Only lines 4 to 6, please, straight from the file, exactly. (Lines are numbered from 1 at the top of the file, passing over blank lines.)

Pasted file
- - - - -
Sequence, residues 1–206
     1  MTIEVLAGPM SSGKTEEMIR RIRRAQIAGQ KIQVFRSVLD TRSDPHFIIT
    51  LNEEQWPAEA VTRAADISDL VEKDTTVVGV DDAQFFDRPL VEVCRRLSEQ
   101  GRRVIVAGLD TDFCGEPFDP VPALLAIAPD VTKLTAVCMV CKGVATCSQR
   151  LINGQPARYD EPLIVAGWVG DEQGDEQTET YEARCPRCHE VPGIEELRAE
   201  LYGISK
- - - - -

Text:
   101  GRRVIVAGLD TDFCGEPFDP VPALLAIAPD VTKLTAVCMV CKGVATCSQR
   151  LINGQPARYD EPLIVAGWVG DEQGDEQTET YEARCPRCHE VPGIEELRAE
   201  LYGISK